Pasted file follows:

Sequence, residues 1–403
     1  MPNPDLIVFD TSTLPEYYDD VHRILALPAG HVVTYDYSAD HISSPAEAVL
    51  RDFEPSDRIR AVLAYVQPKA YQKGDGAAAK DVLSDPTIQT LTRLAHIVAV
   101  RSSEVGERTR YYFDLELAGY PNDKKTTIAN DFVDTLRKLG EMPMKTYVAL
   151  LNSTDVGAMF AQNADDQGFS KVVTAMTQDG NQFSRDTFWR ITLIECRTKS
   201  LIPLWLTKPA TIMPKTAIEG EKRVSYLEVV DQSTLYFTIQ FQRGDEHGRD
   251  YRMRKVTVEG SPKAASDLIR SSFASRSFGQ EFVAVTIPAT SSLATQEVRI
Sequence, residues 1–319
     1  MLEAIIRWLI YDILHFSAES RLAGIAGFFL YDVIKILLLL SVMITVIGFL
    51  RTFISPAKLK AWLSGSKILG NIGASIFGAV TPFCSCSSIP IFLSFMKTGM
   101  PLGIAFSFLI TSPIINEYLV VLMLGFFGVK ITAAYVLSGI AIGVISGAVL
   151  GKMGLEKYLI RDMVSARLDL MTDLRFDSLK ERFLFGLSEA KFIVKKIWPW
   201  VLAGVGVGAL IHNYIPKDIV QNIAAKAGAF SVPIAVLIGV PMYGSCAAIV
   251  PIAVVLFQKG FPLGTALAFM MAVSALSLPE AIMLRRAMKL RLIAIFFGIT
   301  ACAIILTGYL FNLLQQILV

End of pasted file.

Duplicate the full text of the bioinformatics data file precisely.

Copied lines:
Sequence, residues 1–403
     1  MPNPDLIVFD TSTLPEYYDD VHRILALPAG HVVTYDYSAD HISSPAEAVL
    51  RDFEPSDRIR AVLAYVQPKA YQKGDGAAAK DVLSDPTIQT LTRLAHIVAV
   101  RSSEVGERTR YYFDLELAGY PNDKKTTIAN DFVDTLRKLG EMPMKTYVAL
   151  LNSTDVGAMF AQNADDQGFS KVVTAMTQDG NQFSRDTFWR ITLIECRTKS
   201  LIPLWLTKPA TIMPKTAIEG EKRVSYLEVV DQSTLYFTIQ FQRGDEHGRD
   251  YRMRKVTVEG SPKAASDLIR SSFASRSFGQ EFVAVTIPAT SSLATQEVRI
Sequence, residues 1–319
     1  MLEAIIRWLI YDILHFSAES RLAGIAGFFL YDVIKILLLL SVMITVIGFL
    51  RTFISPAKLK AWLSGSKILG NIGASIFGAV TPFCSCSSIP IFLSFMKTGM
   101  PLGIAFSFLI TSPIINEYLV VLMLGFFGVK ITAAYVLSGI AIGVISGAVL
   151  GKMGLEKYLI RDMVSARLDL MTDLRFDSLK ERFLFGLSEA KFIVKKIWPW
   201  VLAGVGVGAL IHNYIPKDIV QNIAAKAGAF SVPIAVLIGV PMYGSCAAIV
   251  PIAVVLFQKG FPLGTALAFM MAVSALSLPE AIMLRRAMKL RLIAIFFGIT
   301  ACAIILTGYL FNLLQQILV